TABLE I Residual Surface monomer, tension, Batch No. AA/DAA dynes/cm.

In each batch, the charge of polyvinyl alcohol was 22 g./l.

In preferred embodiments of this invention the polymeric acid layer preferably is thicker than the image receiving layer and has an appreciably higher mg. per foot coverage. The image-receiving layer is preferably about 0.25 to 0.4 mil thick, the polymeric acid layer is preferably 0.3 to 1.5 mil thick, and the described imagereceiving element spacer layer is preferably about 0.05 .o 0.5 mil thick.

Throughout the specification and claims, the expression superposed has been used. This expression is intended to cover the arrangement of two layers in overlying relation to each other either in face-to-face contact or in separated condition and including between them at least a layer of fluid processing composition.

Although the invention has been illustrated in connection with dye developers, and the invention is particularly applicable to dye developers because of their susceptibility to aerial oxidation at high pH, the novel imagereceiving elements of this invention may be used in other diffusion transfer processes such as those previously described to obtain pH reduction and particularly to obtain transfer images exhibiting great optical clarity and luminosity over an extended range of ambient temperatures.

In addition to the described essential layers, it will be recognized that the image-receiving elements may also contain one or more subcoats or layers, which, in turn, may contain one or more additives such as plasticizers, intermediate essential layers for the purpose, for example, of improving adhesion, etc.

Since certain changes may be made in the above products and processes without departing from the scope of the invention herein involved, it is intended that all matter contained in the above description shall be interpreted as illustrative and not in a limiting sense.

What is claimed is:

1. An image-receiving element for use in a photographic diifusion transfer process comprising a plurality of substantially discrete layers including, in sequence, a support layer, a permeable polymeric acid layer adapted to neutralize alkali contacted therewith, an alkaline solution permeable polymeric layer comprising a polyvinyl amide graft copolymer, and an alkaline solution permeable and dyeable polymeric layer within which a dye image is adapted to be formed.

2. The invention of claim 1 wherein said polyvinyl amide graft copolymer comprises a polyacrylamide graft copolymer.

3. The invention of claim 2 wherein said polyacrylamide graft copolymer layer comprises an acrylamide grafted onto a polyvinyl alcohol backbone.

4. The invention of claim 1 wherein said polyvinyl amide graft copolymer is represented by the formulae:

and

E l L .11

wherein Z is an organic polymeric backbone comprising repeating units which comprise structural units capable of being oxidized by a transition metal ion catalyst of a first oxidation state, said catalyst having an oxidation potential, in acidic solution, of at least about one volt when the transition metal is reduced to the next lowest acidic solution stable oxidation state; X is selected from the group consisting of carboxamido, carbamyl, sulphonamido and sulfamyl groups; R is selected from the group consisting of hydrogen and lower alkyl groups; K is a monomer copolymerizable with M is equal to or greater than one; N is equal to or greater than zero; and each of Q, J and P is greater than one.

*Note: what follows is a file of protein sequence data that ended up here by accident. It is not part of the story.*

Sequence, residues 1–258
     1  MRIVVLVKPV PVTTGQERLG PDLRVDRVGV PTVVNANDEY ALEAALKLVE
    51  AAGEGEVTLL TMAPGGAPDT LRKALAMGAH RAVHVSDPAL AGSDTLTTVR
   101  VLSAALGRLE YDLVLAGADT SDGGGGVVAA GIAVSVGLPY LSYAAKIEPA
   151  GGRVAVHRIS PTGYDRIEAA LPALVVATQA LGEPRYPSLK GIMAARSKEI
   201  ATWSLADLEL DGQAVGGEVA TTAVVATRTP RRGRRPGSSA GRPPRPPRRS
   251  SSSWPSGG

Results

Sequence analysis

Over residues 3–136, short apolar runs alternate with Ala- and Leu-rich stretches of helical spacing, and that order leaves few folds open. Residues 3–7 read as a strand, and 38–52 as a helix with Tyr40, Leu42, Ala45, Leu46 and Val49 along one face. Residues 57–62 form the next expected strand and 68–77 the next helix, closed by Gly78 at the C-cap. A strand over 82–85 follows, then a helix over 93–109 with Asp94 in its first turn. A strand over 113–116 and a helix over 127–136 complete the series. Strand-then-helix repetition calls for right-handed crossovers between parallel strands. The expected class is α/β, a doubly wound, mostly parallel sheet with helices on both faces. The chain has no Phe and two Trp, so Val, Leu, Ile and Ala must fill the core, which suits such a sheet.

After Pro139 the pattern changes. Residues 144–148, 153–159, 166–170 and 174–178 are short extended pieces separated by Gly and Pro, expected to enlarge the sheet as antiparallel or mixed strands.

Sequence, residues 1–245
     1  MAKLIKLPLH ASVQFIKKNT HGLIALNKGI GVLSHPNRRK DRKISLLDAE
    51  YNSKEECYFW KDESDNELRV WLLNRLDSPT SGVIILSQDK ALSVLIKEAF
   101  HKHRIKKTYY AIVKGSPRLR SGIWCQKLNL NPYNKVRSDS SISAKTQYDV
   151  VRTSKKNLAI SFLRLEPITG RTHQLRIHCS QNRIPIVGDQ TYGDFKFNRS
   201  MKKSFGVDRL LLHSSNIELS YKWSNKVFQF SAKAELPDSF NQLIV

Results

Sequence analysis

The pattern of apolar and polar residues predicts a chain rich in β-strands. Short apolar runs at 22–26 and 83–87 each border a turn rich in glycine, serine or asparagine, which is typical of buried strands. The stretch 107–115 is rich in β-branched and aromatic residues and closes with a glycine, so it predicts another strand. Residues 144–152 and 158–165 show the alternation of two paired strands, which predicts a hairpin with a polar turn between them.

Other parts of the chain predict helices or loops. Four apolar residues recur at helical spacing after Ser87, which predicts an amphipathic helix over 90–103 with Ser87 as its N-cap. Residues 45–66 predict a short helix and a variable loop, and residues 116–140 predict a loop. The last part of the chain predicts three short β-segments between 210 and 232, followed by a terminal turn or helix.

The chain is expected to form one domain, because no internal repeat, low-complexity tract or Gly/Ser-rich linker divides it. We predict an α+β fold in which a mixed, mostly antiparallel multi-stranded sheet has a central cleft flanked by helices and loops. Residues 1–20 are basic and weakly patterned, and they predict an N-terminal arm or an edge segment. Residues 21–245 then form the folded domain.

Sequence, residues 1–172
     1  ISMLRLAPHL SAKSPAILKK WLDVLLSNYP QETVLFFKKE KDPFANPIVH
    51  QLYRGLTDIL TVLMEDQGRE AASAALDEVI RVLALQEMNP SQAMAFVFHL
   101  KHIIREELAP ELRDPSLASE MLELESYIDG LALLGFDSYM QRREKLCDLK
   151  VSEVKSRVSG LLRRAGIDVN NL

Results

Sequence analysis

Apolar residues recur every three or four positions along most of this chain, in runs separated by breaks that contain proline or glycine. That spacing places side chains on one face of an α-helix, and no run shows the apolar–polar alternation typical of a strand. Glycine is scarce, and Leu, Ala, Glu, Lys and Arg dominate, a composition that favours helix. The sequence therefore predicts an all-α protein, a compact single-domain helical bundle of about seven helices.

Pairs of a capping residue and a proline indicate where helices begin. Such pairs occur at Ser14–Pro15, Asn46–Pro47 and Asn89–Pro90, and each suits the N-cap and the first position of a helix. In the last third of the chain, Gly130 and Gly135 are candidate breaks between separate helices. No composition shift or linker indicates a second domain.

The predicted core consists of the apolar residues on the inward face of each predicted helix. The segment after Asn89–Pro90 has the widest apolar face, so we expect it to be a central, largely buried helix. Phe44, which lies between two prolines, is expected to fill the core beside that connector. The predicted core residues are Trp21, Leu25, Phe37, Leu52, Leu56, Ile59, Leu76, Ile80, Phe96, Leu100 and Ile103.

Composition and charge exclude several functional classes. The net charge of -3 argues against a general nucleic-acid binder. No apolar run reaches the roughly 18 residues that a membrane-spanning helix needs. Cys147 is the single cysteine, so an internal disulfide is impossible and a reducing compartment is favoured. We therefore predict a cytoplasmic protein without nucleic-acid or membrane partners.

5. The invention of claim 4 wherein said polyvinyl amide graft copolymer layer is a polyacrylamide graft copolymer layer.

6. The invention of claim 4 wherein said organic polymeric backbone is selected from the group consisting of cellulosic and vinyl polymers.

7. The invention of claim 4 wherein said structural units are comprised of a member selected from the group consisting of hydroxyl, amino, mercapto, acyl and aroyl.

8. The invention of claim 4 wherein said organic polymeric backbone is selected from the group consisting of polymeric polyols, gelatin, polyvinyl alcohol, polysaccharides, polyalkyleneimines, partial acetals of polyvinyl alcohol, and polyaldehydes.

9, The invention of claim 4 wherein said transition metal ion catalyst is comprised of a member selected from the group consisting of V, Ce+ and Cr.

10. The invention of claim 4 wherein said polyvinyl amide graft copolymer contains hydrophilic and hydrophobic moieties which have been quantitatively adjusted to provide the polymeric layer with predetermined temperature-alkali permeability characteristics.

11. The invention of claim 5 wherein said polyacrylamide graft copolymer contains hydrophilic and hydrophobic moieties which have been quantitatively adjusted to provide the polymeric layer with predetermined temperature-alkali permeability characteristics.

12. The invention of claim 11 wherein said polyacrylamide graft copolymer is selected from the group consisting of polyacrylamide graft copolymers having the same backbone to monomer and monomer to monomer ratios, but having different backbone to catalyst ratios.

13. The invention of claim 11 wherein said polyacrylamide graft copolymer is a diacetone acrylamide-acrylamide graft on polyvinyl alcohol.

14. The invention of claim 11 wherein said polyacrylamide graft copolymer is a diacetone acrylamide graft on polyvinyl alcohol.

15. The invention of claim 11 wherein said polyacrylamide graft copolymer is a diacetone acrylamide graft on the partial acetal of polyvinyl alcohol methoxy acetaldehyde.

16. The invention of claim 11 wherein said polyacrylamide graft copolymer is a diacetone acrylamide graft on methyl hydroxy propyl cellulose.